Lack of training for young nonprofit workers means too few potential next-gen leaders
April 19, 2016
Nonprofits face a stark choice: provide meaningful professional development opportunities for potential next-gen leaders, or watch their best talent leave for greater opportunities with other nonprofits. Author Rebecca Koenig makes the case for thoughtful succession planning.
by Rebecca Koenig
A decade ago, an ominous prediction shook the nonprofit world: By 2016, charities wouldn’t be able to recruit the 640,000 managers needed to keep pace with hiring needs caused by growth and retirements. The dire warnings in the 2006 Bridgespan report prompted concerns that a dearth of strong leaders could cripple the work nonprofits do.
Ten years later, nonprofits seem to face the opposite problem, experts say; a lack of opportunities for young, ambitious workers to advance, creating frustration and disillusionment with their career prospects.
The problem is compounded by nonprofits’ lack of investment in manager training, leaving charities unprepared for succession when the day finally comes to turn over leadership to the next generation. The leadership puzzle has become so confounding that some nonprofits have begun to explore doing away entirely with traditional management structures and experimenting with something less hierarchical.
"There’s a lot of young, creative, passionate, committed, smart leaders out there. We just have to give them the opportunity to grow," says Timothy McClimon, president of American Express Foundation, which launched the American Express Leadership Academy with help from the Center for Creative Leadership in response to the 2006 Bridgespan report. The program has served 2,200 nonprofit and social-enterprise leaders.
Katie Smith Milway, Bridgespan partner and head of knowledge, says the 2006 report’s predictions of a severe leadership shortage didn’t come to pass largely because of the recession. "There were fewer retirements, and the growth didn’t happen in as quick and furious a way as we had projected," she says.
Still, the retirements will come eventually, and experts caution nonprofits to be prepared. There are enough potential leaders in the charity world, but they’re not getting the support they need to climb the ladder.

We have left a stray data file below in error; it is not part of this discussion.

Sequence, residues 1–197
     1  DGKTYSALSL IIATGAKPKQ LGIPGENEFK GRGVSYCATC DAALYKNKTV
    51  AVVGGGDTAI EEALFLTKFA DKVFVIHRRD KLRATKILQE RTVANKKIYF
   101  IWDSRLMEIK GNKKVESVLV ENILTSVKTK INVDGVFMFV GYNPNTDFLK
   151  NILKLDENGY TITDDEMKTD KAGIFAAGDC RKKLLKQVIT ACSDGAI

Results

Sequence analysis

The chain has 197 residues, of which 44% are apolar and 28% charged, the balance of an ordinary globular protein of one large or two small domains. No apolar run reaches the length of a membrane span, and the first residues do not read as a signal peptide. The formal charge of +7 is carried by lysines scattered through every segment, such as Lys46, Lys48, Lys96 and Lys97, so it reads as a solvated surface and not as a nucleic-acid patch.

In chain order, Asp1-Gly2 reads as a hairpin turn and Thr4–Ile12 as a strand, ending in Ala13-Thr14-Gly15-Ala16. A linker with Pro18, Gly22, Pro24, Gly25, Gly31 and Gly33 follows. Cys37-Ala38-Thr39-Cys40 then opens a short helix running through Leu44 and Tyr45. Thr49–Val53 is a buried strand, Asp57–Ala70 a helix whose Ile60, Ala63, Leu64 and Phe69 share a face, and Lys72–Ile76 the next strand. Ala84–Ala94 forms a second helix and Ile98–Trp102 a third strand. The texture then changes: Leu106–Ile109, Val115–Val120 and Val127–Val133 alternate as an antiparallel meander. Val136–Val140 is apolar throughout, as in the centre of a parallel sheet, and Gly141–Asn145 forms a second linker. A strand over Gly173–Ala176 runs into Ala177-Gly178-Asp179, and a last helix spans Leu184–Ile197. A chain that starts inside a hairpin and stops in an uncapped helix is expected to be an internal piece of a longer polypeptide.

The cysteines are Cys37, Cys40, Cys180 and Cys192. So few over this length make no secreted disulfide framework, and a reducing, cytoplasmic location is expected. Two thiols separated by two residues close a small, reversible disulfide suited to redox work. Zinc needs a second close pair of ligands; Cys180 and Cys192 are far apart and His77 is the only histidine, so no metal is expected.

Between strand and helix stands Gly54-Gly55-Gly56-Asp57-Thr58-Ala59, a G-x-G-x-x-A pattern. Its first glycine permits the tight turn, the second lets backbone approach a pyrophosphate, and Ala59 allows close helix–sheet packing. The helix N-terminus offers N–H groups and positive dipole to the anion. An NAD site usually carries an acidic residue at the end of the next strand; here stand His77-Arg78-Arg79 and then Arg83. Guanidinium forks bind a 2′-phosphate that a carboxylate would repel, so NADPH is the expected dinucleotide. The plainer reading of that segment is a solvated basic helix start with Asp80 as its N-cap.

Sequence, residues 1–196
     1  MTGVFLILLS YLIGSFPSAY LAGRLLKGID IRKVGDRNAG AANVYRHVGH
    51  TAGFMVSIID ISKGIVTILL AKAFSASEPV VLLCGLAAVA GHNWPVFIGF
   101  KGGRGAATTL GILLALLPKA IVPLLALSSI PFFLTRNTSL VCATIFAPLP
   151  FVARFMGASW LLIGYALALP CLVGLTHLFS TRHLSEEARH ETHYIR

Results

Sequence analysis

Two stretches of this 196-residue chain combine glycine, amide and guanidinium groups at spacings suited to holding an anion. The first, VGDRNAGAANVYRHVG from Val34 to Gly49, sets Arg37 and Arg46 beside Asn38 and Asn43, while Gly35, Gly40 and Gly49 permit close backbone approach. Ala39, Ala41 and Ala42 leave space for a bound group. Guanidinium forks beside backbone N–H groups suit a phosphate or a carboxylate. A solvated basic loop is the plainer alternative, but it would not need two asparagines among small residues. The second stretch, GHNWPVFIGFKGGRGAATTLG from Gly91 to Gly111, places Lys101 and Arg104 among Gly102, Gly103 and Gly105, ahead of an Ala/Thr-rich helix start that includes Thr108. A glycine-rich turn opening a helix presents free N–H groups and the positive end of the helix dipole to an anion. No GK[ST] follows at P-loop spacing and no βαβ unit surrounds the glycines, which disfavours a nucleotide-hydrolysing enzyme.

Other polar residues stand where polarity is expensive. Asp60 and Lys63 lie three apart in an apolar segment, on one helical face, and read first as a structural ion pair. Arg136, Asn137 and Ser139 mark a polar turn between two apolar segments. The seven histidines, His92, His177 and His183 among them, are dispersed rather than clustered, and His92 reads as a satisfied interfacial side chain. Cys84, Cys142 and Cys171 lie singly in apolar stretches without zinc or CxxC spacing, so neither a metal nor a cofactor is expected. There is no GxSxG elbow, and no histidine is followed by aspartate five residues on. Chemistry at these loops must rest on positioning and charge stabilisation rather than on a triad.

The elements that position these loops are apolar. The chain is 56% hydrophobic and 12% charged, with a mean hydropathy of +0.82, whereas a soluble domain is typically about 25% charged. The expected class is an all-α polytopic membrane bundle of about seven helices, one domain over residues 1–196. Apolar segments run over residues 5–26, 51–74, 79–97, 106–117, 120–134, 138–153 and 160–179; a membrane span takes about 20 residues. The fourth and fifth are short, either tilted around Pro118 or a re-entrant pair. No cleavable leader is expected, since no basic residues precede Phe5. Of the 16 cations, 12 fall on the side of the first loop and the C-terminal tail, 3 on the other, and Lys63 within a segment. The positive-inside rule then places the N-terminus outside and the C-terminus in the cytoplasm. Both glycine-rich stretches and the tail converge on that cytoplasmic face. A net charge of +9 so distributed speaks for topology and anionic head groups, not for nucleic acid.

In addition to stifling the careers of young nonprofit employees, lack of investment in leadership development leaves nonprofits without succession plans and vulnerable to high rates of employee turnover as staff members search for advancement elsewhere, says Ms. Smith Milway.
According to a 2015 Bridgespan survey, 12 percent of responding nonprofits saw top leaders leave in the preceding two years for jobs at other organizations. Half of respondents cited a lack of growth opportunities as a contributing factor for that turnover.
Another reason the report’s predictions didn’t happen was that increased interest in managing nonprofits among both late-career business executives and talented millennials also helped fill leadership openings at charities, says Mark Lipton, professor of management at the Milano School of International Affairs, Management, and Urban Policy at the New School.
He’s witnessed a stream of corporate leaders — many of whom have experience on nonprofit boards — heading to management positions at charities before they retire.
"These are people who could easily keep coasting and doing meaningful work in prestigious corporations, and they decide to move to the nonprofit sector," Mr. Lipton says. They say, " ‘I want to run a nonprofit shop and really feel that I’ve done something important,’ " he adds.